Irritability is my personal nemesis. It hounds me at unexpected moments. Whenever it raises its irksome presence it is because I feel hampered, chained, constrained, confined, cornered, obliged, ordered, expected, or mandated. I’m sure there are other words to add to those, but one gets the gist. You’ll note that the list is not so much about self-discipline and a need to be free ‘to do exactly as I choose’ as much as it is about being in attendance with an ‘other’ and having to answer to their wants. When not in a space of my own choosing (like being out with a group) but in the more personal space of my mind with one other, that’s when irritability raises its provoking prods. I dislike having to reveal private thoughts. In public we can conceal our thoughts in the voice of generalities. “What an interesting colour!” But in private, asked for the truth, we know that saying, “I think that colour is hideous” can be hurtful, insensitive, and uncaring. My complete yet malleable thoughts are suspect even to myself, anyway, since I am quite aware that they will have changed by the time I’ve finished uttering them; but in my experience, I am held accountable to what was said, not to what I now have realized, if you get my drift.
Me, me, me is at the root of irritability. Whatever reasons for the deep dark constellations that dwell in each of us, we come by our conditioning naturally. If I told you I was chained to a bed when a kid, or imprisoned in a cot, or tethered to a leash in grocery stores, or locked up in a stifling car while mother went shopping, or never allowed to ‘talk back’, or stifled by an education system that stressed conformity, or... well, there are other scenarios a creative mind can conjure; if I told you these things were true you might forgive my irritability. Shall we go on? You might forgive my indolence, my slothfulness, my avarice, my greed, my pride, my lustfulness, my deceitfulness, my any of seven deadly sins due to my impoverishment of upbringing. What’s more, I would most likely forgive myself. It sure would be reason enough for me to be an ‘I am what I am’ person. And I’d be irritable when I felt myself being picked upon, prodded to change, pried open, revealed, or arrested. Me wants what me wants!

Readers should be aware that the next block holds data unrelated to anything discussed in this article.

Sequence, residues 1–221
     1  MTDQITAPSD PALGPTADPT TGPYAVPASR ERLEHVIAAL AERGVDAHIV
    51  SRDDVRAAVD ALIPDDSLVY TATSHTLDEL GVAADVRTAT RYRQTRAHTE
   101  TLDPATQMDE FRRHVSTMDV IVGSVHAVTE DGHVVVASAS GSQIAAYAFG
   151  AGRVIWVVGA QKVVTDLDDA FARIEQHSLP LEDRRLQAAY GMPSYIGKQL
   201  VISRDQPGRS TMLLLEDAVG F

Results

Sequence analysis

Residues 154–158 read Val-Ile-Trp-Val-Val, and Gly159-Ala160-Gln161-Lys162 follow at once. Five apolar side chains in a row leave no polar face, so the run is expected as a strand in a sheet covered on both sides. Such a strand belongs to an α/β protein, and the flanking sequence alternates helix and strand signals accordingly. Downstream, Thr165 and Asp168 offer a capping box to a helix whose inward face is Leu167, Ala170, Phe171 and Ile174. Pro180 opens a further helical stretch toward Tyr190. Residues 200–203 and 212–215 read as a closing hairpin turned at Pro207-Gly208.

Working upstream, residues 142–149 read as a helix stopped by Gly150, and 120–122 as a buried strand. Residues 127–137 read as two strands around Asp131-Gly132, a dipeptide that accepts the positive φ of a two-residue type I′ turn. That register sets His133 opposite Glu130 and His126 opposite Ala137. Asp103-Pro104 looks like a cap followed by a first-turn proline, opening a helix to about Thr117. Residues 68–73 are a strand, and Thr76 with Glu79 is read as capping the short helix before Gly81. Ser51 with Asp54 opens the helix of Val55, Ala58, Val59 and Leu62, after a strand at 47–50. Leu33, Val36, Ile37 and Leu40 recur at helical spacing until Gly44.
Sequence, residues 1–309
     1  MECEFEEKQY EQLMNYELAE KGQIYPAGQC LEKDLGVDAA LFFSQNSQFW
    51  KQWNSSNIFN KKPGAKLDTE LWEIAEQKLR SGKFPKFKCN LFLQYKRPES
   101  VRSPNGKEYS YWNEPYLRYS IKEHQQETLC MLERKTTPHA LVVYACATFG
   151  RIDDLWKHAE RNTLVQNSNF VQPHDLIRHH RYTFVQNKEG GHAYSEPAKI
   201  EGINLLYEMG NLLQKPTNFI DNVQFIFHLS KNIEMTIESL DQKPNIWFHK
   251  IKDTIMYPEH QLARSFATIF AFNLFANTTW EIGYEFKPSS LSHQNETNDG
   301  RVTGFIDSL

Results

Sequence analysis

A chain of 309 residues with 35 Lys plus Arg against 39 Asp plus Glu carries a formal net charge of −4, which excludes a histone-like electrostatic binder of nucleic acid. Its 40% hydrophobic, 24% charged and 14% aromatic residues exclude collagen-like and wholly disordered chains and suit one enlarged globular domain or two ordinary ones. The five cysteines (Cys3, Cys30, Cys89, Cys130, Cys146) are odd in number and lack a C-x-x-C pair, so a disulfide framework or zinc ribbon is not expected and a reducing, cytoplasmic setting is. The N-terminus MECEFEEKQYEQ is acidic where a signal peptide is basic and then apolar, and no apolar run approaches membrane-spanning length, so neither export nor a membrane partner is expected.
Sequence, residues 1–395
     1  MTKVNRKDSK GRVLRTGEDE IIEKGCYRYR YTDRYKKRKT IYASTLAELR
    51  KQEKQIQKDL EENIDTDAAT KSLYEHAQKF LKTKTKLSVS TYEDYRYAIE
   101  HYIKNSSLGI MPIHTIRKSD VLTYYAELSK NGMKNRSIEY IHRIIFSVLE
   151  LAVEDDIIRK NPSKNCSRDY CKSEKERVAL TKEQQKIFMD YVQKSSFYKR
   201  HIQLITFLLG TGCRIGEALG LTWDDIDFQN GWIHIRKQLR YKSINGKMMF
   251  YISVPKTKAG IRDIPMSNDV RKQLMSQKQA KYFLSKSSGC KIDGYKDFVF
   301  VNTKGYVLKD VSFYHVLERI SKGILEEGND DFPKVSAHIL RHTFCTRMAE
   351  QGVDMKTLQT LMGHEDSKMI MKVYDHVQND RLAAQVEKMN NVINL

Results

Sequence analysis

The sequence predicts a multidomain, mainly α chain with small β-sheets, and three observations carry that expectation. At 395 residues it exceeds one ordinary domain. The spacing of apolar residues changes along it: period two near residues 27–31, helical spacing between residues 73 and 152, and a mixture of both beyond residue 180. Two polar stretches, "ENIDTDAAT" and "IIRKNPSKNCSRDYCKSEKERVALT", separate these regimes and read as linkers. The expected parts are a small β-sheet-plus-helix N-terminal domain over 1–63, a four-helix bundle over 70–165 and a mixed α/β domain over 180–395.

I am almost invariably annoyed with myself once I’ve been irritable. Even in private. If I am moving something and the dangling cord gets stuck and tugs me back to complete awareness of what I am doing there are times when I do not smile at myself, but say ‘dang’, irritably. And then I learn to smile. But it is much harder so easily to forgive myself when my irritability affects another. That person may well have heard from me many times that I don’t want more sunscreen, but when they ask me yet again, out of care and concern, an irritable answer at the end of the day is really about ME. How do I allow for the other’s being whatever they are without my getting irritable? Were they to prod at me with a stick I well might remove myself, etc., but the degree of irritability experienced is ultimately about the ‘me’ in the moment, unable to be larger than the moment. Yes?
A favoured cartoon I’ve framed is of the devil overseeing a group of groaning workers in hell. One of them is whistling while he works. “We’re just not getting through to that guy,” says the devil. Ha! It is that fellow’s ability to go with the flow that intrigues. The ego of such an one is very healthy; much larger than the specific moment. And when the wheel squeaks, or the baby cries, or the questions arise, or the cord entangles, or the flow is interrupted, how does one just keep equanimity of poise, of balance, of harmony within the discord that presents itself? Irritability is as quick as a pin-prick. Reaction is almost invariably the same, for most of us; but responsiveness, now that takes insight. Indeed. Yes?